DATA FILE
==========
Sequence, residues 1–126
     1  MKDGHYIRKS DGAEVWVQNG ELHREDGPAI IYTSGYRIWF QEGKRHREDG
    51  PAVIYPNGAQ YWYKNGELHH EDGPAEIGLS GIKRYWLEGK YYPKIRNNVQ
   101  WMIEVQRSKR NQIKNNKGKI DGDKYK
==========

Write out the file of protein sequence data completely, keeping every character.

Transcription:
Sequence, residues 1–126
     1  MKDGHYIRKS DGAEVWVQNG ELHREDGPAI IYTSGYRIWF QEGKRHREDG
    51  PAVIYPNGAQ YWYKNGELHH EDGPAEIGLS GIKRYWLEGK YYPKIRNNVQ
   101  WMIEVQRSKR NQIKNNKGKI DGDKYK